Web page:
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Gandolf3339

If you wish there is another poem entitled "The Signal of the Bruce" I cant attached it but you will find it if you go to google.

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gandolf3339 
Posted: 22-Nov-2008, 12:03 PM
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I just found this on the Bruce Trust website:
Question to Robert the Bruce

You are often accused of betraying William Wallace - how do you answer this accusation ?

I was always a good and true friend to William - I respected his brave heart, his loyalty and his commitment. In truth - I always believed he followed the wrong man and cause but that was William's way and although I was unable to support him as well as history may think I should have - I would have done him no ill deed and in truth made every effort to protect him from his enemies. I would not have wished the horrific fate that befell him... on any man - least of all that brave soul and his death played its part in hardening my heart and resolve to bring Scotland out from under the influence of that cruel and vengeful heart... Edward I.
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gandolf3339 
Posted: 22-Nov-2008, 12:14 PM
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Thank you Camac,

THE SIGNAL OF THE BRUCE

"What news, what news, thou Carrick carle,
Sae lynart, leal, and true?
For weel I like thy hameart face,
Thy kindly e'e o' blue.

"A wand'rer lang frae freens and hame,
I seek my faither's ha',
And fain wad ken gin weel or wae,
Has been auld Scotia's fa'."

"There's dool and wae o'er Scotland wide"
(The carle said, sighing sair);
"Brave men in sorrow hang their heads,
And maidens smile nae mair.

"The vera bairns upon the green
Hae tint their daffin glee,
And mithers look on sweet wee babes,
Wi' dim and drumly e'e.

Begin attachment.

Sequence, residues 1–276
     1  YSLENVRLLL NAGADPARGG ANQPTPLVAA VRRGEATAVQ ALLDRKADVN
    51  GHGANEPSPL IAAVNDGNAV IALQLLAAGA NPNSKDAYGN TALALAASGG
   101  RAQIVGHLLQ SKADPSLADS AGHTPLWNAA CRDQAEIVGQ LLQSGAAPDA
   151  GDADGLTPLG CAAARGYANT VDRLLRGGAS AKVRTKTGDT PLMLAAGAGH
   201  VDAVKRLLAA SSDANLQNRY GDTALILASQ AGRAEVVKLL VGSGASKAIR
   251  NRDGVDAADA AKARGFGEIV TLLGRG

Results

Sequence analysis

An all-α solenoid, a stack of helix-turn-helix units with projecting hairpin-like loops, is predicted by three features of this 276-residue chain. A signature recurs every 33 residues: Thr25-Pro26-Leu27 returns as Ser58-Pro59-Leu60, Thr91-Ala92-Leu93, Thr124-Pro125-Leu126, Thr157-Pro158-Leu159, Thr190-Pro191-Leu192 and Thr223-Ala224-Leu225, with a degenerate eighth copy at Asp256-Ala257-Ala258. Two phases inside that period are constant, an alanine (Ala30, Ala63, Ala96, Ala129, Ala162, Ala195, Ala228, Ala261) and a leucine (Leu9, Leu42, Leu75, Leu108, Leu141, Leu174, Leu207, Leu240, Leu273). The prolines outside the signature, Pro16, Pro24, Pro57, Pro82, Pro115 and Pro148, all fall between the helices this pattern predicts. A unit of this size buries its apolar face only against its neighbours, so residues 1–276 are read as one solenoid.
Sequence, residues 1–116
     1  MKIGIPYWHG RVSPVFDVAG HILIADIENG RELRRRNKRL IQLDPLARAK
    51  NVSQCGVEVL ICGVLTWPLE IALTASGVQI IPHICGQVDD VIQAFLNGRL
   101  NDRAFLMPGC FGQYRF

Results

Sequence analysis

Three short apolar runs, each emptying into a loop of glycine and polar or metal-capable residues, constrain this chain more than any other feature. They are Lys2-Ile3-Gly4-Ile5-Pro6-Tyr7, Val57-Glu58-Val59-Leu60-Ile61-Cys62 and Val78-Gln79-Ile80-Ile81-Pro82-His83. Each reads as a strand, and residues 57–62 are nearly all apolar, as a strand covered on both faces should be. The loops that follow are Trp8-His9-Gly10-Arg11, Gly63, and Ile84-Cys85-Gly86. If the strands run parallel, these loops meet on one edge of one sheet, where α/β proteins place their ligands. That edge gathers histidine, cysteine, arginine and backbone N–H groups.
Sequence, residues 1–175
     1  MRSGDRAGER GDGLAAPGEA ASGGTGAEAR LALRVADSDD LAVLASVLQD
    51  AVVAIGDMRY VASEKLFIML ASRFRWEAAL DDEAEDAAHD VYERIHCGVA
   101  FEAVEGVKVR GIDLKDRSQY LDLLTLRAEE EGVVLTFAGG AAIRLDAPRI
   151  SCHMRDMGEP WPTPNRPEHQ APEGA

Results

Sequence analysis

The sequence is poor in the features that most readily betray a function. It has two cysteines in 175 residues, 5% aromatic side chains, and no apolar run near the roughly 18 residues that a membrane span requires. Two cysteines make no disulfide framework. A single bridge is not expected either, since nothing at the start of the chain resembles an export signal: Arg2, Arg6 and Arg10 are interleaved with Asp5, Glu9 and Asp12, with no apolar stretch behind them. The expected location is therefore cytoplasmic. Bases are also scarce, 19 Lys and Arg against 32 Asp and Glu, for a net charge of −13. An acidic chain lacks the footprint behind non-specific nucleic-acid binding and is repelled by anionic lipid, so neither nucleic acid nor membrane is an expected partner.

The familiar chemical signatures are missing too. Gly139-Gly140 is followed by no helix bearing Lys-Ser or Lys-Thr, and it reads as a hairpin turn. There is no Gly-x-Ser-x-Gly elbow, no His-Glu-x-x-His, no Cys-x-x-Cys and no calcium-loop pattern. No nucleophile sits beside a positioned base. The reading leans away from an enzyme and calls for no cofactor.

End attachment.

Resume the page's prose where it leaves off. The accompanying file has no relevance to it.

"For the wecht o' Southern tyranny
Lies heavy on the land;
While Freedom's fire has paled its licht,
And Hope's red cheek has wann'd.

"Oh that the Bruce once mair wad rise,
Our ain true hearted king!
Aye foremost in the face o' death,
Aye last to leave the ring.

"We a' hae dree'd the tyrant's weird,
we a' hae pree'd its ga';
And yearn to steep our wrangs in bluid,
Or for the richt to fa'.

"Ae glance but of his eagle e'e,
Ae flash but of his sword,
And babes unborn wad leap for joy
O'er liberty restored.

"Yestreen I dreamed a blessed dream-
I thought the Bruce was here,
Wi' twice ten thousand gallant blades,
Stern glittering round his spear.

"I thought the soul o' Wallace wight
Burned in ten thousand eyes,
While quivering banners heaved and fell
In a storm of battle cries.

"I thought I saw the bristling front
Of hostile armies met,
The clash of conflict wild and keen,
The greensward reeking wet.

"The bluidy gaps of death I saw,
The pallid rush of fear,
And 'Scotland, Scotland, has the day!'
Rang in my wak'ning ear."

"Thanks for thy dream, thy leal auld man,
God's help, it shall be true;
Lend me thy honest hand while I
My message tell to you.

"This morn at dawn, the Bruce I left
On Arran's stormy shore,
A lion fretting in the toils,
And all athirst for gore.

"Go forth my trusty Boyd, he said,
Try thou thy country's heart;
If true its beat, my rusted blade
Soon from its sheath shall start.

"And if, as by the rood I hope,
Thou learnest aught of cheer,
One blazing faggot on the cliff
Shall send thy message here.

. . . . . .

When day gaed doon ower Goatfell grim,
And darkness mantled a',
A kingly form strode to and fro,
On Brodick's Castle wa'.

And aye he gazed ayont the Frith,
Where blasts were roarin' snell,
And aft he leaned upon his sword,
Sad, muttering to himsel'.

"In vain, in vain,"at length he cried,
And hung his head in woe-
When, streaming far through storm and gloom,
He saw the beacon glow.

O'er many a wave the red light glanced,
O'er many a crest of foam,-
The sea-bird's wing seem'd stained wi' bluid
Above its ocean home.

With faulded hands the monarch knelt
Unto a mightier King
One moment, and the next his horn
Gart a' the echoes ring.

Swift, at the call a gallant band
Of Scotland's exiled brave
Came rushing, eager, to the tryst
Beside the lashing wave.

'For weal or woe,"outspoke the Bruce,
"I sail for Scotia's shore;
With God's good aid, and yours, brave hearts,
To win my crown once more.

"Here, in the face of Heaven, I draw
The sword that knows no sheath
Till Scotland stands erect and free,
Or I'm laid low in death."

Oh! weel micht England rue that nicht,
Sair cause had she to mourn,
For the licht that gleaned o'er the Frith sae red
Was the dawn of Bannockburn.


It does not list who this was written by if you know Camac please let us know.
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Camac
Posted: 22-Nov-2008, 12:49 PM
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Gandolf;

If memory serves me right it was originally a Ballad not a poem and as to the author, I sorry I don't know. A piece of trivia, you can see the Isle of Arran from the town I was born in, Troon, and the mountains form the profile of The Bruce in full armour laying down on his back resting.

Camac.

PS. I wouldn't take to heart everything that the BBC says about Scottish History. They are after all English (Sassenach)